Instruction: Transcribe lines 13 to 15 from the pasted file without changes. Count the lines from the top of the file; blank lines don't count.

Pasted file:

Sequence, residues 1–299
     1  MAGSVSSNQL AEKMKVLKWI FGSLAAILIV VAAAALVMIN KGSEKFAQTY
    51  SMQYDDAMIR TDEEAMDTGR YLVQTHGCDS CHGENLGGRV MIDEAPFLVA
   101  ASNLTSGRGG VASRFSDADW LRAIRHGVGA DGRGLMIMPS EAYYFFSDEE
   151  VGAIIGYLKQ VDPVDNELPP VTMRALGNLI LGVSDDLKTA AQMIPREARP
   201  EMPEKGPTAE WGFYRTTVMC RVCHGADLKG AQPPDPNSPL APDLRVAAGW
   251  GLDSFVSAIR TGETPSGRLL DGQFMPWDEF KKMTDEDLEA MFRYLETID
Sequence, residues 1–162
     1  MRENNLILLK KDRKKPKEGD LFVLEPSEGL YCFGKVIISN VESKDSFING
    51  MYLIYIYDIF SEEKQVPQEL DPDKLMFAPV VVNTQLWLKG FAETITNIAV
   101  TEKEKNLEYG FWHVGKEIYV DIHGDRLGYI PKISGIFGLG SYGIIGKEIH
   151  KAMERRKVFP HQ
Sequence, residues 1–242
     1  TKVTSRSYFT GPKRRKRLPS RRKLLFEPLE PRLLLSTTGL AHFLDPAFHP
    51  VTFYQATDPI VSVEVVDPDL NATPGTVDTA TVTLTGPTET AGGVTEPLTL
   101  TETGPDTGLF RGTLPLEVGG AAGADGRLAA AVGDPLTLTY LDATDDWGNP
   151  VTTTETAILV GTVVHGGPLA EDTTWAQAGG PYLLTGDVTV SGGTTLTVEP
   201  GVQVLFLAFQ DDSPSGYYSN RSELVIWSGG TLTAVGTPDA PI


Sequence, residues 1–242
     1  TKVTSRSYFT GPKRRKRLPS RRKLLFEPLE PRLLLSTTGL AHFLDPAFHP
    51  VTFYQATDPI VSVEVVDPDL NATPGTVDTA TVTLTGPTET AGGVTEPLTL